DD: Of all the people whose stories you tell us, I think Bertrand Russell moved me the most because he seemed so close to the truth of Christ, and yet so fearful of allowing himself to be broken open and to let God’s love have sway in his life. Whose life or lives moved you the most in your research, and why?
OG: Russell was known as a humanist with an isolated rational intellect. And yet, Russell is anything but. He was driven by all sorts of deeper longings, such as the longing for love and home. And his story is, I think, a very poignant one. Now the art historian Kenneth Clark was courtly, patrician, the gentleman of gentleman. And yet he too was driven by these deep, deep longings. And, of course, most intellectuals are like that. It’s a pretense that the intellectual is purely the person of the disembodied mind. The real story of real people is something very different. I don’t agree that biography is philosophy. There is more to philosophy that just biography, but we need to recognize the humanness.
DD: So of all the stories of the individuals you researched and wrote about, who made the deepest impact and why?
OG: Well, some of the stories are purely pagan from beginning to end, like Michel Foucault’s. I find that overwhelmingly sad. Or I love the real story of Van Gogh. Simone Weil is a kind of oddball and I think she is most amazing. I put those in mainly because I deeply admire them and love them.
DD: In Long Journey Home, it seems you’ve come full circle with your book Doubt (published in the United States under the title In Two Minds) in that you traverse similar territory—disbelief, fear, and longing—and both books seem to have come out of deep personal experiences in your own life. I am wondering if you might comment on this and perhaps these experiences, and tell me how writing Long Journey Home was similar or different than writing In Two Minds?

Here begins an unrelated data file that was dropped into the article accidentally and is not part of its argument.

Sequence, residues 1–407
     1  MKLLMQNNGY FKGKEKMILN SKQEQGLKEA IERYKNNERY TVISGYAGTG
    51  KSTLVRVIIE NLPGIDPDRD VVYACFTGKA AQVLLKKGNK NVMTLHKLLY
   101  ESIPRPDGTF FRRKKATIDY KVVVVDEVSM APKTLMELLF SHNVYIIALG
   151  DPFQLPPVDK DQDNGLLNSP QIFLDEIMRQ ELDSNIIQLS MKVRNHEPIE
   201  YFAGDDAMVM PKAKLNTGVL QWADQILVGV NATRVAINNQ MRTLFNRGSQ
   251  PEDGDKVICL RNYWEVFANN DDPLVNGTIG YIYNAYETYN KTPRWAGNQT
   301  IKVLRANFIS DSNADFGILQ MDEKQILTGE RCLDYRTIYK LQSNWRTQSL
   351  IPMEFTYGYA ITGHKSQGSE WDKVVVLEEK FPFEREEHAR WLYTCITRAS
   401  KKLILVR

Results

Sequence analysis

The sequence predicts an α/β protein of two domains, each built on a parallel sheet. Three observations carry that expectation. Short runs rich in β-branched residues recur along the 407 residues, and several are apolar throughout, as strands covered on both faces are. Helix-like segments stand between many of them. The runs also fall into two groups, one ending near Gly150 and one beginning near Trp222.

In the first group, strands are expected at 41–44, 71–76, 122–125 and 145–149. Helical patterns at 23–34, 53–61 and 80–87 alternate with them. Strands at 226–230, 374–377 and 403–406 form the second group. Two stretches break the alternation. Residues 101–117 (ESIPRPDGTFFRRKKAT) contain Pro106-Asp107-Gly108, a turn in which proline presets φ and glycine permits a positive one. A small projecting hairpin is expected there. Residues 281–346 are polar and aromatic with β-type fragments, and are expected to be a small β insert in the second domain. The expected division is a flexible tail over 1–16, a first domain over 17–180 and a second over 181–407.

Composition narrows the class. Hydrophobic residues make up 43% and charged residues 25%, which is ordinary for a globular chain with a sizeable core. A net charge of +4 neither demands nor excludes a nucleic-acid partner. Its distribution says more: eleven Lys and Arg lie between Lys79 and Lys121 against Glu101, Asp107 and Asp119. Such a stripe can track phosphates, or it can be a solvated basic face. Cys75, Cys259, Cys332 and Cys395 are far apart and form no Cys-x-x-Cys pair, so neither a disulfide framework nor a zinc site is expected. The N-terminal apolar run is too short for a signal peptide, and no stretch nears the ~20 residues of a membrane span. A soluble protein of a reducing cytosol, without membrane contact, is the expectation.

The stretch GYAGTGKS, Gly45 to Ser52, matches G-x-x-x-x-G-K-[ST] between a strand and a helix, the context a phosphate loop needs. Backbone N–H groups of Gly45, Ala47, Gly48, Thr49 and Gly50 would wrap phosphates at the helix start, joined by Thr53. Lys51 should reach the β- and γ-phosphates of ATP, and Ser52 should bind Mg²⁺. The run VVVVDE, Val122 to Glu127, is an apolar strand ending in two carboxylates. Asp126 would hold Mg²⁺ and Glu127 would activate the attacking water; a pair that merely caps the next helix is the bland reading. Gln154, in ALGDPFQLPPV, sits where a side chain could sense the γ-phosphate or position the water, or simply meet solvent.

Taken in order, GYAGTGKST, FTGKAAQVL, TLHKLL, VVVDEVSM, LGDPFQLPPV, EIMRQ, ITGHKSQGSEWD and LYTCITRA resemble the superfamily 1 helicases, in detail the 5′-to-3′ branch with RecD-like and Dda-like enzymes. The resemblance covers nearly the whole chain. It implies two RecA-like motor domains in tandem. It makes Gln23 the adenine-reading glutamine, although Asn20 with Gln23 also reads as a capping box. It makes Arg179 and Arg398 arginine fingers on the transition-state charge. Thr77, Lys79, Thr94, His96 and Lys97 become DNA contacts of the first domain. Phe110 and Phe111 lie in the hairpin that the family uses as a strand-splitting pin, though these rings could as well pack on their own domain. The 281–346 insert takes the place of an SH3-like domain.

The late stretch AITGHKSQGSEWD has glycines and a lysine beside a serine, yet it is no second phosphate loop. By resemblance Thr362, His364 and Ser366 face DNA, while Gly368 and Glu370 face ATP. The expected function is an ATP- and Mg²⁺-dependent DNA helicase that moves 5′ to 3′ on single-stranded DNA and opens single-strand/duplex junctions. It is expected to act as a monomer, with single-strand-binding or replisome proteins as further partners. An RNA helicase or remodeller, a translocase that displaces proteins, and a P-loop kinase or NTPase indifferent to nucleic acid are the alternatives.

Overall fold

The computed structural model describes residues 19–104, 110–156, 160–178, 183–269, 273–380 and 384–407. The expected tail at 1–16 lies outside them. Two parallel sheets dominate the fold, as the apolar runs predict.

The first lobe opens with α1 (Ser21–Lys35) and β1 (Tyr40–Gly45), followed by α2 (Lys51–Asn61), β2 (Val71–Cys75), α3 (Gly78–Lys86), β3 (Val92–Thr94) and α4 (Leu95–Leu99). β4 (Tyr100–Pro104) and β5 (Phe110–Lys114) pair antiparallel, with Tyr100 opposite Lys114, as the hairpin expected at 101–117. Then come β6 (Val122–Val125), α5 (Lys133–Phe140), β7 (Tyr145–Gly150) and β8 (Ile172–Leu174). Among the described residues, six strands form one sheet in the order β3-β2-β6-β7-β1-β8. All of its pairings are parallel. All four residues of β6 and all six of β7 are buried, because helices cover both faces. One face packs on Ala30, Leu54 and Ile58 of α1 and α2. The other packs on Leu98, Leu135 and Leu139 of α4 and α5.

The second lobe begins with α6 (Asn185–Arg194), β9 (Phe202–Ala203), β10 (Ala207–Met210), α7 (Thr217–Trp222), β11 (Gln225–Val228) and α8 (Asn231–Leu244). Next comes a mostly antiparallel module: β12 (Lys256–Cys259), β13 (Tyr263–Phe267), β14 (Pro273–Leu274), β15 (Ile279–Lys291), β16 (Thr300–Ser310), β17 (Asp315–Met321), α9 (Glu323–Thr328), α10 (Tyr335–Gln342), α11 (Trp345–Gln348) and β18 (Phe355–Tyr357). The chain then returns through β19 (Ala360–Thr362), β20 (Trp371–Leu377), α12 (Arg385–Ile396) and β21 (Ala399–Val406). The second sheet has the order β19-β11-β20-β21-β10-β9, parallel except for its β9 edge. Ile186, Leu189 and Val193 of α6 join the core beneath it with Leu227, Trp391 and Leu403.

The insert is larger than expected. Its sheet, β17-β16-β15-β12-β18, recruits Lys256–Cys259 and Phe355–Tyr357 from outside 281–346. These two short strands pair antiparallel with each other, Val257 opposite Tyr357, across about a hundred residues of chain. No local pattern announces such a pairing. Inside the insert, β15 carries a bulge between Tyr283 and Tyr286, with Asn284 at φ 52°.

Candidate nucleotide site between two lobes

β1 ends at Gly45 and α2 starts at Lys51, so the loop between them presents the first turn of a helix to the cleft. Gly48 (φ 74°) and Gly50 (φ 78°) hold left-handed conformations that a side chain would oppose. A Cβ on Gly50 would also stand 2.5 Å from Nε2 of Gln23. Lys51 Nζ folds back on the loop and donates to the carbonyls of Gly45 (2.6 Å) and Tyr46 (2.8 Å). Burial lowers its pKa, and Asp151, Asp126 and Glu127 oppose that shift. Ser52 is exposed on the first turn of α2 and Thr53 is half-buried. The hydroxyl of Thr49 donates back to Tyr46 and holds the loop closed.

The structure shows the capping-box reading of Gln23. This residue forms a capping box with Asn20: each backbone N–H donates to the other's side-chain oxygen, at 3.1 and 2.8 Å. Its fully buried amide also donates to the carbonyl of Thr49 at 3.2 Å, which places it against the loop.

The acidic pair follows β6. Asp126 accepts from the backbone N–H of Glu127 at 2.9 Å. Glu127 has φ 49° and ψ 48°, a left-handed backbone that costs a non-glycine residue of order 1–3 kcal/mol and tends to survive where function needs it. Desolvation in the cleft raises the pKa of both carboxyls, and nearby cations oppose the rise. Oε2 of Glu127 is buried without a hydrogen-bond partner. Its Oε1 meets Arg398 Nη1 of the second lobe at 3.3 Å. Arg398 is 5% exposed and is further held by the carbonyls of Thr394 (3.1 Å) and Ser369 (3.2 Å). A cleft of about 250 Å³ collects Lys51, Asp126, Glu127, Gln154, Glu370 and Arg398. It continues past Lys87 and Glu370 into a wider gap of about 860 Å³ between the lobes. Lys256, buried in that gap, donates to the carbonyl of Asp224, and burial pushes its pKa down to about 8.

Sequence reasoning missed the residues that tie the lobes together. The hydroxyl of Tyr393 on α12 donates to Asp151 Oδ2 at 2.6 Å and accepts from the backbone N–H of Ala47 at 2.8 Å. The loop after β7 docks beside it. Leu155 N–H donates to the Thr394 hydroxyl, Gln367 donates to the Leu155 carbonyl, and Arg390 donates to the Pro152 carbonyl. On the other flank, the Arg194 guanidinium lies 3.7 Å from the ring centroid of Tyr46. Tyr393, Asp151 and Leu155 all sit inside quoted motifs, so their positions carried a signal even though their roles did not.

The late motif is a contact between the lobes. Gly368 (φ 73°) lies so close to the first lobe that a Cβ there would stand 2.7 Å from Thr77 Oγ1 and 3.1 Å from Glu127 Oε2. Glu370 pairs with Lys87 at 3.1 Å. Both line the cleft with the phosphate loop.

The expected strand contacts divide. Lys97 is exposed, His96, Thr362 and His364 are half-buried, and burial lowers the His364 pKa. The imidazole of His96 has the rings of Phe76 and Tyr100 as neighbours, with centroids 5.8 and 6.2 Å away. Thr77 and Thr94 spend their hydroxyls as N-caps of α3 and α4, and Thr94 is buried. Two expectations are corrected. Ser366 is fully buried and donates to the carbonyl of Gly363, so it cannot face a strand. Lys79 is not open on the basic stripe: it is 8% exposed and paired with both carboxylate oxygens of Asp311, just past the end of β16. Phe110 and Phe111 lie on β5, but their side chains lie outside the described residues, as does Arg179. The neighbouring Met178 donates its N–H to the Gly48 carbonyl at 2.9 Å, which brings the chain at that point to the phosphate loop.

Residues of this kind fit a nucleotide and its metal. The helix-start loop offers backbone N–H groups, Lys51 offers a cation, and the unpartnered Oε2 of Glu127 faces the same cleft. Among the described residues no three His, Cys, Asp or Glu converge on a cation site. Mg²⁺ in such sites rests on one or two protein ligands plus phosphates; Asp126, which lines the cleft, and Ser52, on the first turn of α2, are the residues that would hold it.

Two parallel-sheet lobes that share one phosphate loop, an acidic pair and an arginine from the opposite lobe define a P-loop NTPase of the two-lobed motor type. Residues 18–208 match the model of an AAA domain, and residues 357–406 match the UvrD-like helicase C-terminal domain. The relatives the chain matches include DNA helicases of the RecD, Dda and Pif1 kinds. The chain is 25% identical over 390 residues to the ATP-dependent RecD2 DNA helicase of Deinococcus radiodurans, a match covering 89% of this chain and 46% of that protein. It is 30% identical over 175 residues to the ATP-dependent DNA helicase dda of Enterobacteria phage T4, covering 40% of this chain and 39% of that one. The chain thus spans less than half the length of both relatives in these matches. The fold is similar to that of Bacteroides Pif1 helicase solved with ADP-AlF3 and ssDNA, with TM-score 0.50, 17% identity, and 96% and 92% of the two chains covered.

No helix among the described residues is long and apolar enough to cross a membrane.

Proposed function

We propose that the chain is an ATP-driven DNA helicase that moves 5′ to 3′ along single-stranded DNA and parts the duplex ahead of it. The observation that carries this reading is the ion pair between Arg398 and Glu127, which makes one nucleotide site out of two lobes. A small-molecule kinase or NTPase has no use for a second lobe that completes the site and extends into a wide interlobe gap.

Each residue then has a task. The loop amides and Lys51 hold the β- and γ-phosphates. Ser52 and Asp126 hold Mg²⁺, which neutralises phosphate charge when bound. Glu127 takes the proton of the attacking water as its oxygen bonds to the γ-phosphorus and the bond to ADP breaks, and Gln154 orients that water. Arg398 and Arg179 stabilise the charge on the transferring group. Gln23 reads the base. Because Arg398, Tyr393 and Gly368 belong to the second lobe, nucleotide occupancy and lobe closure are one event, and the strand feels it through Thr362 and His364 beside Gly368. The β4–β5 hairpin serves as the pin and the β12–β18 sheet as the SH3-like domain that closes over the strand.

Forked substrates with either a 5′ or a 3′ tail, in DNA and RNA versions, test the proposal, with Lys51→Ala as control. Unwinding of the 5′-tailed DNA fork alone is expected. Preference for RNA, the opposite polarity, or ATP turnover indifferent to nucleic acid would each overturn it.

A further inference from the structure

OG: You’re very perceptive. In Two Minds was later called God in the Dark. 5 Yes, if you look at the intellectual framework, and the four stages, they are exactly the same. In In Two Minds, of course, someone (a believer) is going the other way—the stages of belief weren’t adequately understood, so they doubted rather than believed. And Long Journey Home is for seekers who are coming to believe, hopefully with a good and adequate basis. The big difference is I wrote In Two Minds nearly 30 years ago. But the intellectual, theological, philosophical framework is exactly the same. I wonder how many will be as perceptive in seeing that. The big difference is I am much richer in my understanding of stories. In Two Minds had fewer illustrations, whereas Long Journey Home is rich in stories and experiences. So that the framework is there, which is in In Two Minds, but for many people it will appear to be as invisible as the backbone in the body. Thirty years on I am a much richer person, and hopefully I am a wiser apologist.
DD: Well, In Two Minds continues to make an impact on me; it really does. So it’s good to see it back in print.
OG: It’s my most disappointing book in the sense that it’s in print, but Americans, for example, don’t admit they doubt. It is un-American to doubt, so I think there are very few books on doubt. Since doubt is so unpopular, nobody admits it.
(I [Danielle] find Guinness’ characterization of In Two Minds as lacking stories to be curious because it is his story that comes through, and the reader senses that Guinness has traveled this hard road himself. In this book he investigates the roots of doubts, roots which often go deeper than the abstract questions of the intellect. Writes Guinness: “Sometimes I almost feel on fire with the immensity of this: each of us is a person, alive, growing and relating. From the moment we wake to the moment we fall asleep we think, we feel, we choose, we speak, we act, not as isolated individuals but as persons among people. And underneath everything lies trust. From friendships of children to agreements among nations life depends on trust…. The highest reaches of love and life depend on trust. Are there any questions more important to each of us than, Whom can I trust? How can I be sure? This is why when trust goes and doubt comes in such a shadow is cast, such a wound is opened, such a hole is left…. Doubt is not primarily an abstract philosophical or theological question, nor a state of morbid spiritual or psychological anguish. At its most basic, doubt is a matter of truth, trust and trustworthiness. Can we trust God? Are we sure? How can we be sure? Do we trust him enough to rely on him utterly? Are we trusting him enough to enjoy him? Is the whole of living different for that trust?”)